Lesson 6 - InventoryModels NonLinearModels (NLP and/ The

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Non Linear Programming Inventory Models
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2 Rutgers Business School Non Linear Models Introduction to Nonlinear Programming (NLP) An NLP problem has a nonlinear objective function  and/or one or more nonlinear constraints. NLP problems are formulated and implemented in  virtually the same way as linear problems. The mathematics involved in solving NLPs is quite  different than for LPs. Solver tends to mask this different but it is important to  understand the difficulties that may be encountered  when solving NLPs.
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A Note About “Optimal” Solutions When solving a NLP problem, Solver normally stops when the first of three  numerical tests is satisfied, causing one of the following three completion  messages to appear: 1)  “Solver found a solution.  All constraints and  optimality  conditions are satisfied.”   This means Solver found a local optimal  solution, but does not guarantee that the  solution is the global optimal solution.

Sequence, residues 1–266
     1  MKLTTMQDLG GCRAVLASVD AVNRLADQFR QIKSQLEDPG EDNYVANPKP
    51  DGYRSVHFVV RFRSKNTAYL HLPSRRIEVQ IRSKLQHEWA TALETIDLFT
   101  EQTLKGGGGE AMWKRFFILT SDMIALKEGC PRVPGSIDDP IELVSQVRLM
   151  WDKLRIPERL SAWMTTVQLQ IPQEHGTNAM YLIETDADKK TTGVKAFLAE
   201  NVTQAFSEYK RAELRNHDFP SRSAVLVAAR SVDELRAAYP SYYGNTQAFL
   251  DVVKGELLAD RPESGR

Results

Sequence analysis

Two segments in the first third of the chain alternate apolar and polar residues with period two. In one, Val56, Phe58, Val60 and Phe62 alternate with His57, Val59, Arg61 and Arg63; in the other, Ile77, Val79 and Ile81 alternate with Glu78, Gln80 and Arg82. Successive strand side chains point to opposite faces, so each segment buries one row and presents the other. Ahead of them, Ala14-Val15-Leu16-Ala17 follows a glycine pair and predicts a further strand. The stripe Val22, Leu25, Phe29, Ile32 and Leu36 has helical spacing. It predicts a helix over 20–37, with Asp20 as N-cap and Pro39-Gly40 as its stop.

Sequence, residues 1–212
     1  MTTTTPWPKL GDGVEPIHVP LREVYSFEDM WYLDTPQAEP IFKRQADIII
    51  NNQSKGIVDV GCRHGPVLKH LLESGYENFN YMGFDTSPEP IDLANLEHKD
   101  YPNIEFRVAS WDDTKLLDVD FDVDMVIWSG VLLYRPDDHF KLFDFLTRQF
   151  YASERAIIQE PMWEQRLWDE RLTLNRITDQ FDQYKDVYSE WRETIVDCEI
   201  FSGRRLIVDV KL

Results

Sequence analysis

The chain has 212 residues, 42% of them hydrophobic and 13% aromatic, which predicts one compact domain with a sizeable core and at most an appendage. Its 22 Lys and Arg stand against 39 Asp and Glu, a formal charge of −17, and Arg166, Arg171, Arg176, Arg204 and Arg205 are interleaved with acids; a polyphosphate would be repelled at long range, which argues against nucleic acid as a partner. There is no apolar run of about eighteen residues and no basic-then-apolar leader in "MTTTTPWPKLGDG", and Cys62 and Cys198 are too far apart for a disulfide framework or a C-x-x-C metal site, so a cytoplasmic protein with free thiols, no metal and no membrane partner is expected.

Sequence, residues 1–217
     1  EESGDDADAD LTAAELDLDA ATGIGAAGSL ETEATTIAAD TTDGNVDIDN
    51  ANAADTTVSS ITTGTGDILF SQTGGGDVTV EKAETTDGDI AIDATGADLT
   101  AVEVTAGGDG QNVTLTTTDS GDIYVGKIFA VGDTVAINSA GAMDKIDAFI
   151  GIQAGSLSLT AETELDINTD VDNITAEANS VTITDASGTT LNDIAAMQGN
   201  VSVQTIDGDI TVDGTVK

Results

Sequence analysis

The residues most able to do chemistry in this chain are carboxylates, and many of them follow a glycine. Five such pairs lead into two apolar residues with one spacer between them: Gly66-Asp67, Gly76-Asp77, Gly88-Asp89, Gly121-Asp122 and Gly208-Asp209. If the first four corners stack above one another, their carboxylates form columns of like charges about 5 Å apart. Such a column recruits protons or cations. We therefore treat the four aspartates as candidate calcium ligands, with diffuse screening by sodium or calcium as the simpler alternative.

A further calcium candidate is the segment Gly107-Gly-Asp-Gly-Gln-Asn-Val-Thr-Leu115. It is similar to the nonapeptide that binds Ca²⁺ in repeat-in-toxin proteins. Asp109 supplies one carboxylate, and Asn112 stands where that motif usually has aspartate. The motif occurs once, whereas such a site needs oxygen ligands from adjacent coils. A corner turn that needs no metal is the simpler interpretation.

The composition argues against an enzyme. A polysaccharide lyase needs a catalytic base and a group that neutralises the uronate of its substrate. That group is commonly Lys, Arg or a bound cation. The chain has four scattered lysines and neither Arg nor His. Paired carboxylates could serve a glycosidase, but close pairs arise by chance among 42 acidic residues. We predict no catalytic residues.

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A Note About “Optimal” Solutions When solving a NLP problem, Solver normally stops when the first of three  numerical tests is satisfied, causing one of the following three completion  messages to appear: 2)  “Solver has converged to the current solution.   All constraints  are satisfied.” This means the objective function value  changed very slowly for the last few iterations.
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A Note About “Optimal” Solutions When solving a NLP problem, Solver normally stops when the first of three  numerical tests is satisfied, causing one of the following three completion  messages to appear: 3) “ Solver cannot improve the current solution.   All constraints  are satisfied .” This rare message means the your model is  degenerate and the Solver is cycling.   Degeneracy can often be eliminated by  removing redundant constraints in a model.  
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The Economic Order Quantity  (EOQ) Problem Involves determining the optimal quantity to purchase when orders  are placed. Small orders result in: low inventory levels & carrying costs frequent orders & higher ordering costs Large orders result in: higher inventory levels & carrying costs infrequent orders & lower ordering costs
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7 Rutgers Business School Non Linear Models Involves determining the optimal quantity to purchase when  orders are placed. Small orders result in: low inventory levels & carrying costs frequent orders & higher ordering costs Large orders result in: higher inventory levels & carrying costs infrequent orders & lower ordering costs
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8 Rutgers Business School Non Linear Models Basic EOQ Model Basic problem
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